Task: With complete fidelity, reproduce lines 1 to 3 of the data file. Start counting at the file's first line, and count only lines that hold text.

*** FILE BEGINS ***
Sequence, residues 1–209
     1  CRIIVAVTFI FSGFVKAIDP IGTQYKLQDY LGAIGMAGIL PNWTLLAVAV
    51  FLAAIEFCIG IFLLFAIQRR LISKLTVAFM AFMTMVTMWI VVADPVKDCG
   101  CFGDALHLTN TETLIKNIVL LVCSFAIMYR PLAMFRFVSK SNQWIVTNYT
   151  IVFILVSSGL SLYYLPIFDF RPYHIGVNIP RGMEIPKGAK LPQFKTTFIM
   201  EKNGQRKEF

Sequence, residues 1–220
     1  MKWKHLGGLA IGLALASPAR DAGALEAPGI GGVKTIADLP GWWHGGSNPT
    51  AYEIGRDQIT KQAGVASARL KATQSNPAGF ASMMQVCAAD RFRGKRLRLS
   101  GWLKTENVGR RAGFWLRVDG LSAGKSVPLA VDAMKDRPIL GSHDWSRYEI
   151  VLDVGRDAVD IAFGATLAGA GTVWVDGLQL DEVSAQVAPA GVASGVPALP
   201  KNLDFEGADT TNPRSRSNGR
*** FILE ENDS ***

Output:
Sequence, residues 1–209
     1  CRIIVAVTFI FSGFVKAIDP IGTQYKLQDY LGAIGMAGIL PNWTLLAVAV
    51  FLAAIEFCIG IFLLFAIQRR LISKLTVAFM AFMTMVTMWI VVADPVKDCG